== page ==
Visionary attribute 3: look further forward to create sustainable value
The debate about prioritizing short-term financial performance or long-term value creation has been raging for over a century. More recently, it has intensified, driven by the challenge of several short-term financial pressures.
In 1919, the Michigan Supreme Court held that Henry Ford had to operate Ford Motor Company in the interests of its shareholders, rather than for the benefit of his employees or other stakeholder groups. This case has been often cited as the main support for the idea of “shareholder supremacy” in the US and elsewhere. Milton Friedman's work on shareholder theory in the 1970s cemented the idea that shareholders should be considered more important than other stakeholder groups.
However, this created the potential conflict between generating short-term financial returns for shareholders and creating longer-term value for all stakeholder groups.
First, the growing base of investors with a limited length of share ownership creates pressure on boards to focus on the short-term share price. Second, the continued emphasis on short-term disclosures within listed companies, including quarterly returns and earnings guidance, tends to reinforce the focus on the near-term. Third, how CEO success is measured, by linking executive renumeration to short-term financial or market metrics, reinforces a focus on quarter-by-quarter or year-by-year performance.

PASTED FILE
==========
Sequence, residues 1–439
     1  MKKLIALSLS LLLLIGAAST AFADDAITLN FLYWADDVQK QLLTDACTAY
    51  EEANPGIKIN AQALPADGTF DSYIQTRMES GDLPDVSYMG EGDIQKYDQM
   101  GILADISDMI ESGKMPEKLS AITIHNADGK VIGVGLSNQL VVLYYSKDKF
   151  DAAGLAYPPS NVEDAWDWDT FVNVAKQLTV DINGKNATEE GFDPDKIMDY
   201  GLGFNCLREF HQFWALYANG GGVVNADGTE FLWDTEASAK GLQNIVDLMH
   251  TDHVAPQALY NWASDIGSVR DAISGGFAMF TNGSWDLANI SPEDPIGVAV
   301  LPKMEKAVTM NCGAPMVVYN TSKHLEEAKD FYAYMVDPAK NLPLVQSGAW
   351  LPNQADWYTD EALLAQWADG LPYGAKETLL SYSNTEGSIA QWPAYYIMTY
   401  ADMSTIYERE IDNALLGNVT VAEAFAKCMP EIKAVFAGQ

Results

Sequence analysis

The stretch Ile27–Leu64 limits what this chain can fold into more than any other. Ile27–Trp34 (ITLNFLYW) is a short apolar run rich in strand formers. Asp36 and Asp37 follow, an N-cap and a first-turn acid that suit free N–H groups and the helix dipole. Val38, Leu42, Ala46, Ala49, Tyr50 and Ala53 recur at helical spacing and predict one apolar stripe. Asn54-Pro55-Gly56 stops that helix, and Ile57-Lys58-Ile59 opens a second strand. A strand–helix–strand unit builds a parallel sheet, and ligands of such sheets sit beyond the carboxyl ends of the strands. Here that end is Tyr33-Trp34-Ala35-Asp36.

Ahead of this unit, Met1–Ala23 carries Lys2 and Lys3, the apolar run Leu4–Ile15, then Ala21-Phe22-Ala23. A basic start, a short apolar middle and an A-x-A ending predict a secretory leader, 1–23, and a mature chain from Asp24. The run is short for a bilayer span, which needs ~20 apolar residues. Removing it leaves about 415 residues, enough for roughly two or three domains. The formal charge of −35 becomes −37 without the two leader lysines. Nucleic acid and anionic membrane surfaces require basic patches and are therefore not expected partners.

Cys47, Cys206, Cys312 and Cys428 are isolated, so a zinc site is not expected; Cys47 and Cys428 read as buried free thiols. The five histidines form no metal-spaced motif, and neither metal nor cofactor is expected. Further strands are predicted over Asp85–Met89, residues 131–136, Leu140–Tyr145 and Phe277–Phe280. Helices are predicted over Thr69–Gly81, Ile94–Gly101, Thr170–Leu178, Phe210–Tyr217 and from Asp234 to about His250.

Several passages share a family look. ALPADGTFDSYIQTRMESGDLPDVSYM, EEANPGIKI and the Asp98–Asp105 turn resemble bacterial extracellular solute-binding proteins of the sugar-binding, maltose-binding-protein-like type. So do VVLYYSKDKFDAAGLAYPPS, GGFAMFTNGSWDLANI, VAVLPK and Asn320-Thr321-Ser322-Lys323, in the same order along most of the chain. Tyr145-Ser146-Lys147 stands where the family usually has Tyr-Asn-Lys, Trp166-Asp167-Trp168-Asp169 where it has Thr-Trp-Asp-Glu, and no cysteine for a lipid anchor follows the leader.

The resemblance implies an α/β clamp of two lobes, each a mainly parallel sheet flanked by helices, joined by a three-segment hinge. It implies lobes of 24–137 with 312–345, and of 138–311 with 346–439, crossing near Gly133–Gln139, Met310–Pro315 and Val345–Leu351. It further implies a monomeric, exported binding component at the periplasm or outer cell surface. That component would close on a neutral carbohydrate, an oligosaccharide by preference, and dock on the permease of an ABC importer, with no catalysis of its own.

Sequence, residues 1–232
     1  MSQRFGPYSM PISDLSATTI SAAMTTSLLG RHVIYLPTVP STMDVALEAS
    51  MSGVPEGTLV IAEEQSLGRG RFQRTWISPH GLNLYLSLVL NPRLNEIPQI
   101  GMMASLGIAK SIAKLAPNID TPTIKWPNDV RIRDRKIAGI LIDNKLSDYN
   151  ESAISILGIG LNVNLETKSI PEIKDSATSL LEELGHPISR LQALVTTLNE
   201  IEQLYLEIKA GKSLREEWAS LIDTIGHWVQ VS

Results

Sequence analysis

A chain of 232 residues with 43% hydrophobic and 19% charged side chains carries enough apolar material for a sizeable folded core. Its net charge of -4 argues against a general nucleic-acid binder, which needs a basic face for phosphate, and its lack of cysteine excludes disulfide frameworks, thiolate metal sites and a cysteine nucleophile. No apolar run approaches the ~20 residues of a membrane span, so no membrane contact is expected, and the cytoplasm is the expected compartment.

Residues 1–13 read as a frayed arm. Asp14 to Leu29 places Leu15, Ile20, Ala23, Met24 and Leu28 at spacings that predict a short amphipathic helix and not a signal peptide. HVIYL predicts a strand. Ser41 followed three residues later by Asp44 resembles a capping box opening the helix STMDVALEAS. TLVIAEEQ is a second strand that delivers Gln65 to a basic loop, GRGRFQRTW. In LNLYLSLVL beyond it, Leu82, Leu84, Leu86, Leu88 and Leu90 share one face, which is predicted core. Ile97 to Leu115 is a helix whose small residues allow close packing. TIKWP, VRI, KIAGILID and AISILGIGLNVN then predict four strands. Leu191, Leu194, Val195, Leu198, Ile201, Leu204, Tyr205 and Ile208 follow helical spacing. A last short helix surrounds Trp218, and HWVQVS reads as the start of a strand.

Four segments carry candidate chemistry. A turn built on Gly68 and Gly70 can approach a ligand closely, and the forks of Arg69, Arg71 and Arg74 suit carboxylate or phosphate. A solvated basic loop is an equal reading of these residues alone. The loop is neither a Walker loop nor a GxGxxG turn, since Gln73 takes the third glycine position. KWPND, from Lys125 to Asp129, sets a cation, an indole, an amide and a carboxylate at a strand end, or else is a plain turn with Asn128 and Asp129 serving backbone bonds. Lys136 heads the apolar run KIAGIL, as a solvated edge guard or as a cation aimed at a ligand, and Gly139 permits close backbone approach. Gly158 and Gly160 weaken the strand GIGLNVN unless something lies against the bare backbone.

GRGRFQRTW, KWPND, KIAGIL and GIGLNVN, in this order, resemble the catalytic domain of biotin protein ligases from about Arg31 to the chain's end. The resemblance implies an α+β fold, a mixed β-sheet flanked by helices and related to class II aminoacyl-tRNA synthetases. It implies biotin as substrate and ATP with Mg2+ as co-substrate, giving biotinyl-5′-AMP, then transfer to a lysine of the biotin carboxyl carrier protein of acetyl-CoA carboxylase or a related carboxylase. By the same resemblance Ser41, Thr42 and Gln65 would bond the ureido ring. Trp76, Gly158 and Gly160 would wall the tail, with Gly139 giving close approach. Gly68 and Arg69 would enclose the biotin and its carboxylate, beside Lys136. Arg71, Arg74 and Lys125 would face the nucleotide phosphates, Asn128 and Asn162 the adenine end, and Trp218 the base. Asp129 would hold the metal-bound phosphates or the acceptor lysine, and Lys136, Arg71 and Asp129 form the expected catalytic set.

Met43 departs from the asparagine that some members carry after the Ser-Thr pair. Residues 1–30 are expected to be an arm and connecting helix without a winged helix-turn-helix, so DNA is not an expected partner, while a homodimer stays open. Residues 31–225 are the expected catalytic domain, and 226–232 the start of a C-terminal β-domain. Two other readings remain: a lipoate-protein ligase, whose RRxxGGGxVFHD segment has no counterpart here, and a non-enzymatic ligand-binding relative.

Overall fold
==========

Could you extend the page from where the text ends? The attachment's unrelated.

But times are changing.
The debate about the role of business in society has progressed, as has the realization that some transformation programs, especially the shift to become net-carbon neutral, have a longer horizon than the next fiscal quarter or year. Leaders almost universally recognize the need to have a broader story to tell stakeholders around long-term value creation: among value visionaries, 99% regard it as critical or important; among pragmatists 79%.
Value visionaries have managed to square this circle. Focusing on the longer-term does not need to be at the expense of short-term gains. Continually assessing relative performance, the evolving competitive landscape, and being aware of changes in the wider business environment are enabling these CEOs to more successfully navigate the impact of the pandemic. They now look to emerge from it faster and stronger.